5. Pass some “no-brainers.” If big things are off the table, then a bunch of smaller things can make up the difference. Here’s a menu: Restore R&D and capital expenditure tax expensing and pass some important bills such as Sen. Marco Rubio (R-FL) and Rep. Ro Khanna’s (D-CA) National Development Strategy and Coordination Act, Sen. Chris Coons’ (D-DE) Industrial Finance Corporation Act and bipartisan legislation to establish an Office of Global Competition Analysis.
6. China, China, China. As ITIF has proposed, Congress should reform Section 337 of the 1930 Tariff Act to let the U.S. International Trade Commission bar imports when domestic industries suffer harm due to unfair competition. But even then, the China challenge will not recede despite apologists’ assessments that China’s economy stumbling. With a new Select Committee on China in the works, likely to be led by Congressman Mike Gallagher (R-WI), coupled with bipartisan efforts in the Senate by members like Sens. Coons (D-DE), John Cornyn (R-TX), Marco Rubio (R-FL), and Mark Warner (D-VA), we can look forward to important congressional action to limit China’s advance. But while constraining China’s rise is key, the goal should be balance, and not complete decoupling.
7. Broadband communism? It’s no secret that over the last decade, populists on the left have campaigned to replace America’s successful private sector broadband system with one that is government-owned (municipal networks), or at minimum, one that is heavily regulated. 2023 will be a key year in deciding America’s broadband future as the Commerce Department invests around $50 billion in broadband networks. Anticorporate activists want that money spent on government-owned networks, including “over-building” in places that already have broadband. If that happens, expect broadband networks to perform as well as America’s roads and bridges.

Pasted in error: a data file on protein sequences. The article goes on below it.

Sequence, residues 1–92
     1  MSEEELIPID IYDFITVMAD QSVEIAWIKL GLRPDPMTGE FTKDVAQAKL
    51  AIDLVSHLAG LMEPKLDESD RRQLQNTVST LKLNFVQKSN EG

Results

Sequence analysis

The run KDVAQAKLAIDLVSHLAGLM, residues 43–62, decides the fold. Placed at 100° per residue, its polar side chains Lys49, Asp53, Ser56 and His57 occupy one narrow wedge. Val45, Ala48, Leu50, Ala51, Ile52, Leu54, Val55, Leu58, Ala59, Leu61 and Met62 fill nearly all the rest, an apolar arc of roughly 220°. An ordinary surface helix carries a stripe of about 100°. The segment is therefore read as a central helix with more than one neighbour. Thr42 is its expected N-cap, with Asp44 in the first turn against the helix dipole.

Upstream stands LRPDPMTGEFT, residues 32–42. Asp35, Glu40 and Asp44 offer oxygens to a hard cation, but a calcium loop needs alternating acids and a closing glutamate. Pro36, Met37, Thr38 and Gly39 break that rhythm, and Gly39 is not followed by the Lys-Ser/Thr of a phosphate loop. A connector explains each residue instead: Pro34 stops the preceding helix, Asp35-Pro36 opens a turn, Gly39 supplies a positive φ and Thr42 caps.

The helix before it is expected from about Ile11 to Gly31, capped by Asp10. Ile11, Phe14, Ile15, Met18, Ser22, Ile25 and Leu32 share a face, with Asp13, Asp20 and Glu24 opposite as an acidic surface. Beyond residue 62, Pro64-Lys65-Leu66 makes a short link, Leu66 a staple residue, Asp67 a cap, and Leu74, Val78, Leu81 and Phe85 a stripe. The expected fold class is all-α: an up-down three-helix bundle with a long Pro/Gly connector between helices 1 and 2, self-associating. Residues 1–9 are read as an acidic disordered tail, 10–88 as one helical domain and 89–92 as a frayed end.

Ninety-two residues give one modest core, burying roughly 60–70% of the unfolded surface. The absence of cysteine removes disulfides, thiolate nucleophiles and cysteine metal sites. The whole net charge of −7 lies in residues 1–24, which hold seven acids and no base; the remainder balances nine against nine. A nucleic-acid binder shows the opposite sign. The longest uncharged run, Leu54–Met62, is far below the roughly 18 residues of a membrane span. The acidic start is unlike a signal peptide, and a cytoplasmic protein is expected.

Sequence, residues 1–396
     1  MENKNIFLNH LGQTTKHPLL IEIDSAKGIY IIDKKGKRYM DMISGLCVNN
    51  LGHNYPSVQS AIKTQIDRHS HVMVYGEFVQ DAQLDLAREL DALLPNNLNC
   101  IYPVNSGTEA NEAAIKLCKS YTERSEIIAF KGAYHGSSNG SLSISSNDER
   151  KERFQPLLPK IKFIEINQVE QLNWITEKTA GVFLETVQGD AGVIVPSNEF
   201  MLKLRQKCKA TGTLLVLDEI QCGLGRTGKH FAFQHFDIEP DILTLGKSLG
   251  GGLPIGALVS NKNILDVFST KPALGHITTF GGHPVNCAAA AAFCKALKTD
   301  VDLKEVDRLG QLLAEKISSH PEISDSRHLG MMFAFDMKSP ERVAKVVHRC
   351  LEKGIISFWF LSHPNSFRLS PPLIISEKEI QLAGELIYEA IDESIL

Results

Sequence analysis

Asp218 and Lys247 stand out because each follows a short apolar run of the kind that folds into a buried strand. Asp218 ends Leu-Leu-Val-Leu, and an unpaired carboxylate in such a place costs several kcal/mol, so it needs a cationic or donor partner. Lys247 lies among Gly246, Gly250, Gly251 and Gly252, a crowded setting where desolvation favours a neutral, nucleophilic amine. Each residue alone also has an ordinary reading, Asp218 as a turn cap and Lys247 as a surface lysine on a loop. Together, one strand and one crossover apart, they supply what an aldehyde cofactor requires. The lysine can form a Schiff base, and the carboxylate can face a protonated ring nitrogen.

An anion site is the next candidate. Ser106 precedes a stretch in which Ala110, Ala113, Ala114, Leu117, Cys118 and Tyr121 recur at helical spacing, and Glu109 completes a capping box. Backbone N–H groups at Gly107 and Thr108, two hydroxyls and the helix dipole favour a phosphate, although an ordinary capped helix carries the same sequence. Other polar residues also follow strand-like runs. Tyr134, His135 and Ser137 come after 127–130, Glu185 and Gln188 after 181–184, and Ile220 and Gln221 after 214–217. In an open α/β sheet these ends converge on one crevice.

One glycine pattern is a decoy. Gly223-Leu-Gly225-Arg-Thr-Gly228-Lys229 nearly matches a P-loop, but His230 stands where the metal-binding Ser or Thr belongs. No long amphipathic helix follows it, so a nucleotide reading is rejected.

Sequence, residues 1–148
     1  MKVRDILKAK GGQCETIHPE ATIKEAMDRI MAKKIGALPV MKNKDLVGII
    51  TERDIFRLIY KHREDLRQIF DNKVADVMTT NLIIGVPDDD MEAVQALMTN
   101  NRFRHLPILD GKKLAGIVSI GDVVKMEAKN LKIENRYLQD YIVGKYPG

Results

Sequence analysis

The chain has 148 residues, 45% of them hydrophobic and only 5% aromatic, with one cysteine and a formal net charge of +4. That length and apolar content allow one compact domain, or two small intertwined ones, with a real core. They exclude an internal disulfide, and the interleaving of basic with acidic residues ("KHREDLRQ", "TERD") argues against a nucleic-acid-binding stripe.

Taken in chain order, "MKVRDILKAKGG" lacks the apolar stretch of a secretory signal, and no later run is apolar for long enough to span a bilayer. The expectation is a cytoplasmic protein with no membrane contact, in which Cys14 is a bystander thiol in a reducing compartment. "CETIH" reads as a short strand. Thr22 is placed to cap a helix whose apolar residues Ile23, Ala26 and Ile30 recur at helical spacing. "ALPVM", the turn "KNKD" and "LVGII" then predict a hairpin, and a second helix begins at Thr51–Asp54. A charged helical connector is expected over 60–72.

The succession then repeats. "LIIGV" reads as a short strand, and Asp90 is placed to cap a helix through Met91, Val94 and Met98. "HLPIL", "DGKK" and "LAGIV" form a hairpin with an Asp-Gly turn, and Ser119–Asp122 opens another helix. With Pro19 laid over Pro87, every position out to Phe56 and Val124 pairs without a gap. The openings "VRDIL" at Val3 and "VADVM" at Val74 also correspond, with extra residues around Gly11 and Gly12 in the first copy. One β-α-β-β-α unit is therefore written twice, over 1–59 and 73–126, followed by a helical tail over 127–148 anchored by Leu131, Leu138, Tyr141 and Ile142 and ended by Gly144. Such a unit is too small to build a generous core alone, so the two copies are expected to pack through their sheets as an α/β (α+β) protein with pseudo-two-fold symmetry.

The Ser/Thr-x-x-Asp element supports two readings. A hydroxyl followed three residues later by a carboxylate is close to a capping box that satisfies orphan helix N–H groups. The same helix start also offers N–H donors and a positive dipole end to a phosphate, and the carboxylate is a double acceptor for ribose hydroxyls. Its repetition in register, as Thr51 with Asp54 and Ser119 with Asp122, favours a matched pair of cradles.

8. Privacy regulation? Yes. AI regulation? No. Keep Section 230? Yes. Perhaps 2023 can be the year of reasonable privacy legislation. With Republicans in charge of the House, the odds of adopting an innovation-killing, GDPR-like privacy bill are now thankfully low. Hopefully, the odds of passing a reasonable, cost-effective national privacy bill that limits private right of action and completely preempts states are high. When it comes to AI regulation—in all of its various guises (an AI bill of rights, human-centered AI, etc.)—the odds appear small, thankfully. It’s way too early to pass regulation on a technology that is still in its very early stages of use and adoption. And when it comes to content moderation, Congress needs to avoid throwing the tech baby out with the bathwater—which means mending, not ending Section 230.